Well, Utah has been amazing, but there’s more –
after leaving Price, we spent the rest of our Utah journey passing miles of orange barrels marking out alternate lanes in what appeared to be a massive resurfacing project. At least the sightseeing was great. Notice, I didn’t say “spectacular,” because, according to the maps, we left the “scenic” part of Highway 6 behind at Price and the going ahead would just be ordinary. Well, here is ordinary by Utah standards –
If you look hard you’ll see the sign and arrow painted on the rocks, just above, and pointing toward, the oncoming vehicle that can be seen far in the distance. It is advertising a house made in the rocks – 12 rooms worth and a gift shop and a tour and a… tourist can drop a few bucks here, but not us, a picture is all we got – and it was free. As you can see, there’s another, like us, doing the same on the shoulder ahead.
We negotiated the section of I-70 into Green River quickly and got no photos, even though this stretch IS labeled as a scenic route, because stopping on an Interstate is so problematic, unless you have car trouble.
At Brendel, UT, we left the Interstate again and started another “non” scenic section near Arches National Park and Moab, UT, where I had taken a bunch of Girl Scouts rafting on the Green River in 1980. Along this route, we caught this shot:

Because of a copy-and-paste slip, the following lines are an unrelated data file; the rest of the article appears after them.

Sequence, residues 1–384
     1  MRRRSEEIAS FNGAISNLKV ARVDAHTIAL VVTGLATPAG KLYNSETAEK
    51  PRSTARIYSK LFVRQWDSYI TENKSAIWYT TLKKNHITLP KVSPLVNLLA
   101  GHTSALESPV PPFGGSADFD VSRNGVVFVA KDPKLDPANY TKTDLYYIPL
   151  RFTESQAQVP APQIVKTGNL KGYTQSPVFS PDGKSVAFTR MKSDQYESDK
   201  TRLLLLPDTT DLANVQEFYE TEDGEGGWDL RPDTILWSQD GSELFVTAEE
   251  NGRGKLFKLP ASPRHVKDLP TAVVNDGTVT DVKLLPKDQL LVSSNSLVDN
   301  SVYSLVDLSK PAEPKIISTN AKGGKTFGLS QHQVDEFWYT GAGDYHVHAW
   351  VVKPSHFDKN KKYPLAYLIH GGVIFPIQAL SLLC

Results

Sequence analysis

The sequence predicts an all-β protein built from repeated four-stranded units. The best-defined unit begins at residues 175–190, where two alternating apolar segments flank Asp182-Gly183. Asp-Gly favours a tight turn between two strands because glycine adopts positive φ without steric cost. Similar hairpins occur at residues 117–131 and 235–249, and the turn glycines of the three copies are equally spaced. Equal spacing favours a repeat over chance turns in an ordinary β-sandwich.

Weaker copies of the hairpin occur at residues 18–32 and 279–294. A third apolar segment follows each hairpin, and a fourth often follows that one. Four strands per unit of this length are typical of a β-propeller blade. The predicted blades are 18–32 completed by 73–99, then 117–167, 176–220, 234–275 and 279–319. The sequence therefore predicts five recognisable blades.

Then, we slid into Colorado for a short dash through Cortez and the Ute reservation where they get to see these sights every day –
And this one looks like Holland American gone aground –
That formation, Shiprock, appears on the horizon long before you get to the New Mexico border. It dominates the area. It, and the place names on the map, as well as the signs around us – Farmington, Window Rock, Gallup, Yah-Ta-Hey, all speak to me of my beloved Tony Hillerman mysteries. It’s wonderful to see the area in person, though his descriptions are so good that it looks very familiar.
As you can see, the sun was going down. We did the last part of the day’s journey seeing only signs and lights. Our on-ramp to the section of I-25 we needed to take into Albuquerque was closed, but we had no trouble finding our bed for the night. It was sending a strong beacon by this time.